Last year we introduced a whole school revision plan which was a ten week programme of revision culminating in the summer exams. The plan included revision sessions for three subjects per night, six nights a week for the duration of the ten weeks. In the light of improvements in the overall school results and the findings of the pupil survey, we intend to repeat the revision plan as well as introduce a shorter four week plan for the Y11 mock exams.
In order to further close the gap between PP and NPP pupils we intend to monitor more closely the completion of the plan by PP students through mentors, subject teachers, and tutors and to engage PP parents more with the revision plan.
What else do we offer PP pupils?
We use our additional funding to provide PP pupils with:
- A mentor for the duration of Y11 who will meet with the pupil and a nominated family member on a regular basis to provide additional advice, support and guidance.
- Saturday morning maths lessons for high achieving PP pupils.
- Free KS4 revision guides for all GCSE subjects.
- Half-price for all educational trips including one half-price overseas residential trip in the pupils’ time at Mount Carmel.
- 1 hour extra of English and 1 hour extra of maths intervention each week during Y11 after school in a small group.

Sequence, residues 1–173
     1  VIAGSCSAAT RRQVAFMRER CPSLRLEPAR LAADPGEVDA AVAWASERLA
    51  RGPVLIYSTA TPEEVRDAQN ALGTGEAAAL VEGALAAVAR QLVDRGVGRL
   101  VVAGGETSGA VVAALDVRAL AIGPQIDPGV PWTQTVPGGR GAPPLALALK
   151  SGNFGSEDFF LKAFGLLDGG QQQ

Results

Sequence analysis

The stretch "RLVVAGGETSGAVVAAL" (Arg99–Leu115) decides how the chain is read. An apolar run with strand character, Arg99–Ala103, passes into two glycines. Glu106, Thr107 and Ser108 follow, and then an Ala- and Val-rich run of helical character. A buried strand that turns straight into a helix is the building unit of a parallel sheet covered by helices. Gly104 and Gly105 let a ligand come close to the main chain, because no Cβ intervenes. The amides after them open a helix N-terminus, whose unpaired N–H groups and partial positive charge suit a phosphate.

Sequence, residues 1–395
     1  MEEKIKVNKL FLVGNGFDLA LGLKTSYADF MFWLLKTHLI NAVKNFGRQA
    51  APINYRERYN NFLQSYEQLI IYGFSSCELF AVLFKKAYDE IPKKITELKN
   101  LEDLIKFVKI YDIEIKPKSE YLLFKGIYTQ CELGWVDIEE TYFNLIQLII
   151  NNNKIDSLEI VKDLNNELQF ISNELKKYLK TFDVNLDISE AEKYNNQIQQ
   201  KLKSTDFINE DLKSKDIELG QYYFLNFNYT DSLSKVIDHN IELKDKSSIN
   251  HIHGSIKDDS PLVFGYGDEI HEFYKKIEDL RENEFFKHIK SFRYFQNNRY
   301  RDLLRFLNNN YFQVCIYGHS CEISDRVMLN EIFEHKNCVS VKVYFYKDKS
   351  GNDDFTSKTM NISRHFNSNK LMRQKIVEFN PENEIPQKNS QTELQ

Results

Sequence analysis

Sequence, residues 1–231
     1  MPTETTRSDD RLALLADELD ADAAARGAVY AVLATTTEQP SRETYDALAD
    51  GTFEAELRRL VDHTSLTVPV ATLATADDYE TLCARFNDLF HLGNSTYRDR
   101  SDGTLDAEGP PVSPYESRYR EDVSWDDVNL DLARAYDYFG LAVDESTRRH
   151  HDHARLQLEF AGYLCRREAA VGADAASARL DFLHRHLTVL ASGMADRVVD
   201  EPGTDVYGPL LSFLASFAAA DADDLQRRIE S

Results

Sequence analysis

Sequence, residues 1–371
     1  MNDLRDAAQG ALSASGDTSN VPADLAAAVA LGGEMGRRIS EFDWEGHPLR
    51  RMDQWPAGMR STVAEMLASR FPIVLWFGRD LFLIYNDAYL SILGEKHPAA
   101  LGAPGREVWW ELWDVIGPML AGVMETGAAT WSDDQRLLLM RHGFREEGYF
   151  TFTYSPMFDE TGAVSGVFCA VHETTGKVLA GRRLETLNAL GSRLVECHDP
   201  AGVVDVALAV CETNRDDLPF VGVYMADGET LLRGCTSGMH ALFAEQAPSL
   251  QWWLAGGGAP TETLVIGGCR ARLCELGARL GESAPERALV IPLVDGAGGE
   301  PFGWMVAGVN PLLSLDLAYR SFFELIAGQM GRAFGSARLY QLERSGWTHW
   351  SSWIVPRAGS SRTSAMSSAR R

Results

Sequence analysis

- Closer monitoring and support for attendance, behaviour, attitude to learning in lessons and homework support.
To close, what we sincerely don’t want to do is label our pupils. As with any categorization or classification, there is always a danger of attaching a stigma to the pupil or group of pupils. Whilst Government have given us a clear steer with regards to PP and this is something that we cannot avoid, we will always try our best to avoid any unnecessary labelling which could have a detrimental effect on any of our pupils.
On a final note, it is also important to mention that some of this last summer’s truly wonderful GCSE achievements were from both PP and NPP pupils. Success is only predetermined by hard work and resilience and not any government imposed description.
Xavier Bowers, Headteacher
John Hill, Assistant Headteacher (PP Lead)